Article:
Yield farming is one of the latest trends within the DeFi space. The essence of yield farming is generating passive income with your existing crypto. Essentially, what you have to do is lend out the crypto you own, and earn increased returns in exchange. Yield farming is already revolutionizing the way crypto traders operate, by replacing the strategy of ‘HODL’ing on to one’s digital assets instead of putting them to use.
The History of Crypto Yield Farming:
The hype surrounding yield farming is owed almost entirely to the launch of the COMP token – the governance token of the Compound Finance exchange. Governance tokens allow holders to vote in the governance decisions of a particular exchange platform, or suggest a certain change. The other hot Governance Token is GBIT, just re-launched after a deal with Knightsbridge. GBIT owners are given a vote on the Exchange matters as well as participating in the new coins/token generated within the Knightsbridge Ecosystem, great for the owner and develops a strong Exchange community creating multi-level partnerships and deep interactivity 100% Community Driven. GBIT is already listed on Coin Market, in Google and trades on Forkdelta and the Knightsbridge Exchange.
Compound and Knightsbridge are Ethereum-based Exchange and credit markets, developed on a functional decentralized blockchain system by engineers with liquidity incentives; users are given the opportunity to earn rewards by adding liquidity to the various liquidity pools (more on that later) on the platforms and ‘farm’ income.
Compound Exchange started distributing the COMP tokens to the protocol’s users on June 15, 2020. As demands for the token rose high and Compound rose into a leading position within the DeFi space, the platform also helped bring the concept of yield farming to the mainstream. Since then, quite a few other DeFi protocols have integrated the yield farming strategy with varied economic incentives to convince users to lend out their cryptocurrency.
GBIT kicked of back in 2017 and the community remained tightly held, rather then flooding the market with Tokens after the Crypto crash GBIT hung on, did the hard work of targeting cross-platform paradigms and now with new systems partner Knightsbridge are set to reap the rewards and incentivize frictionless infrastructure for community participants by repurposing viral functionalities of social media and giving the power to the community members.
In yield farming, a group of users put their own crypto assets into liquidity pools and generate yields. These users are known as the LPs, or the liquidity providers.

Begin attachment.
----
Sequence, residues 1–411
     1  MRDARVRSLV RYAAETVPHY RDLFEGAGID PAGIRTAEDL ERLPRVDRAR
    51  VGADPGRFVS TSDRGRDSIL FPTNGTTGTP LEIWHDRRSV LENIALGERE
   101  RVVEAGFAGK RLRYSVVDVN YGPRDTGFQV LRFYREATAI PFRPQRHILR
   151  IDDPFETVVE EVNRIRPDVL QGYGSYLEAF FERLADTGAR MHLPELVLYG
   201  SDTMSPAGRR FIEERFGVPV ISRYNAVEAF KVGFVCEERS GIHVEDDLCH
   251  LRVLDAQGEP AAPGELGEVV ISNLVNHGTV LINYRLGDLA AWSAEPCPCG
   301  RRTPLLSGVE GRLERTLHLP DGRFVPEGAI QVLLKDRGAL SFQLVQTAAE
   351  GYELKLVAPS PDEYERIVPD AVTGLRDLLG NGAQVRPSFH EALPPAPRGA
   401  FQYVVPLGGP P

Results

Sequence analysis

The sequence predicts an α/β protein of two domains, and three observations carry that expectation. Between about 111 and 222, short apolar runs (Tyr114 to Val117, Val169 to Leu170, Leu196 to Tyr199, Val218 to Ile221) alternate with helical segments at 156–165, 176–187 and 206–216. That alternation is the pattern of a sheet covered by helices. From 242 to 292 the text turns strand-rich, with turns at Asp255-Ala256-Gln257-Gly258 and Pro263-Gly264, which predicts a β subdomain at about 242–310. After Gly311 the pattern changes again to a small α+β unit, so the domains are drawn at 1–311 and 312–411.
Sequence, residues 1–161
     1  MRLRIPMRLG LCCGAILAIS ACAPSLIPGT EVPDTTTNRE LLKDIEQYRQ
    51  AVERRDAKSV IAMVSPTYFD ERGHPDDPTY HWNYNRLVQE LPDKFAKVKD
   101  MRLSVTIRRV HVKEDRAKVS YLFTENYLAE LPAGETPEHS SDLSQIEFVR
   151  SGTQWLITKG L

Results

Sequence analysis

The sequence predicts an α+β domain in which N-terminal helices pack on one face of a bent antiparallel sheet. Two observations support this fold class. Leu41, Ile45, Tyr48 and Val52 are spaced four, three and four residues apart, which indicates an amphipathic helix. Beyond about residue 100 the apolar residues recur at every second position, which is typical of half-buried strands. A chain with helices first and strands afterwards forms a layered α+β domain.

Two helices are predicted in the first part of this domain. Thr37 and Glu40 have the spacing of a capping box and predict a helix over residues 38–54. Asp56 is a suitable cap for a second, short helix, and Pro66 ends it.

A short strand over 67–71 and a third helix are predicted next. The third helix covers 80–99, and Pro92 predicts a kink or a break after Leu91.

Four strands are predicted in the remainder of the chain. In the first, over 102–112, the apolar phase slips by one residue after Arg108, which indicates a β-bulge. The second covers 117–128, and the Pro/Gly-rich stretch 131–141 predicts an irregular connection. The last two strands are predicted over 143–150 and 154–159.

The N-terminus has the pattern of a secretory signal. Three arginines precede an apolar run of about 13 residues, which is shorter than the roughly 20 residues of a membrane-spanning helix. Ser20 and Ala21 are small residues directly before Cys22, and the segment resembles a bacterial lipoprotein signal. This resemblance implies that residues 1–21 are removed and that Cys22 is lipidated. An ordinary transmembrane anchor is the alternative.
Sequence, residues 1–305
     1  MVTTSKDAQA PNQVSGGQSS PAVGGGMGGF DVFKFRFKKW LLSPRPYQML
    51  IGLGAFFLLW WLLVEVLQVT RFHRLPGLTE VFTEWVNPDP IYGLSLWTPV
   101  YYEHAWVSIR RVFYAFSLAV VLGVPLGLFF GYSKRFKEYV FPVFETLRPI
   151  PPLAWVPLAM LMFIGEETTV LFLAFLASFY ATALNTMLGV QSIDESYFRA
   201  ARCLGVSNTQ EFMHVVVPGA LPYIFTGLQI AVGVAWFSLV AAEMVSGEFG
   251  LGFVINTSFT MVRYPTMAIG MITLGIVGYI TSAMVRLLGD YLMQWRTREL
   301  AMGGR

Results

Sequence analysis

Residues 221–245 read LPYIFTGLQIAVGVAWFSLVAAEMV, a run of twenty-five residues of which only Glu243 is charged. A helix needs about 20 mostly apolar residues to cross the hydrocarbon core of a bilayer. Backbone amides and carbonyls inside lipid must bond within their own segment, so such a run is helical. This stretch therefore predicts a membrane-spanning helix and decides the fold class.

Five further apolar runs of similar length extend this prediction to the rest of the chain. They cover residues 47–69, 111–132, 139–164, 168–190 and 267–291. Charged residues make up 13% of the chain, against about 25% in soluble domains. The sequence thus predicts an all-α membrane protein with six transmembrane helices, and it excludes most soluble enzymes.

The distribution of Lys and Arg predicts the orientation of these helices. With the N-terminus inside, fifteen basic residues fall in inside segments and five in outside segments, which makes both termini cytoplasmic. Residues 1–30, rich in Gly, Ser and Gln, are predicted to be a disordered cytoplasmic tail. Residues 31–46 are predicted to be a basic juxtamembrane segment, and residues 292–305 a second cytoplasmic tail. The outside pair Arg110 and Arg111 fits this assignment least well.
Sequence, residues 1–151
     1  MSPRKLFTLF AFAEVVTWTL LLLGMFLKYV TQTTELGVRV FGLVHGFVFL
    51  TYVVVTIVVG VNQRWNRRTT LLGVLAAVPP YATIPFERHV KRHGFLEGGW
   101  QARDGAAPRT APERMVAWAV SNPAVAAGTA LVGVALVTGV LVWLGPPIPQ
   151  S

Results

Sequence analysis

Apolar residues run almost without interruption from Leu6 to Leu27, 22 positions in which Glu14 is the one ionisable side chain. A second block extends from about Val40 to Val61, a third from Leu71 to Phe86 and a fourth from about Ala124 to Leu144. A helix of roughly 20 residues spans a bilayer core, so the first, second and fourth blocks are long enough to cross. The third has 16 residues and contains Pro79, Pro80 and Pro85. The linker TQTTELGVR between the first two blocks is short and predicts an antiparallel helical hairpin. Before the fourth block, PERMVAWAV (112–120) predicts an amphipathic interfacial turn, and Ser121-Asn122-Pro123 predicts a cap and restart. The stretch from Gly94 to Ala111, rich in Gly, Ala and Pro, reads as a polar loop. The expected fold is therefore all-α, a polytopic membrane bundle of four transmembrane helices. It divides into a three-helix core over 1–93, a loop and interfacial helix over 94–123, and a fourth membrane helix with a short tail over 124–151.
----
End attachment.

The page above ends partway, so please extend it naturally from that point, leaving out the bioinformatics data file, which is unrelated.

Liquidity pools are, in fact, smart contracts on a DeFi exchange platform that are programmed to hold funds. When a liquidity provider deposits their crypto into one of the liquidity pools, the code in the smart contracts makes sure they earn rewards in return. Usually the yields are a share of the trading fees the DeFi exchange hosting a liquidity pool charges.
So when liquidity providers deposit their funds into a liquidity pool of their choice, a fraction of the overall trading fees the exchange platform earns goes to them – in proportion to their share in the pools, of course. Plus, at some exchanges, funding a liquidity pool means liquidity providers get to earn that platform’s native token, which can not otherwise be bought in the open market.
The token distribution rules are as varied as the number of DeFi exchange platforms out there. Some exchanges give out tokens to liquidity providers that represent the assets deposited. Take Compound for example: if you deposit the stablecoin USDT into a Compound pool, you’d get cUSDC in return. Some platforms even pay out the rewards in the form of several tokens, which can then be deposited to other liquidity pools, and so it goes.
The basic idea of yield farming is always the same – liquidity providers will enjoy yields directly proportionate to the volume of the liquidity deposited by them. Yield farmers usually move their coins about between different liquidity pools, seeking out whichever one provides the best anticipated interest rates.
APY annual percentage yield is the method most traders use to compute the approximate yields out of a particular liquidity pool.
What is the APY Method?
APY, is an annualized method that predicts the amount of returns one could get over a year. The APY is the rate of return earned on an investment when you account for the effect of compounding interest, presuming the money remains deposited for one year.
The formula for calculating APY is:
APY= (1 + r/n )n – 1
Where r = period rate, and n = number of compounding periods.
Calculations made through the APY method are only predictions, and the anticipated returns are not guaranteed. The volatility in the prices of cryptocurrencies can affect yearly returns, since the price of a particular token can fall at any given moment. As of right now, crypto yield farming is also an uncertain and competitive space, and therefore any estimations can always be proven wrong.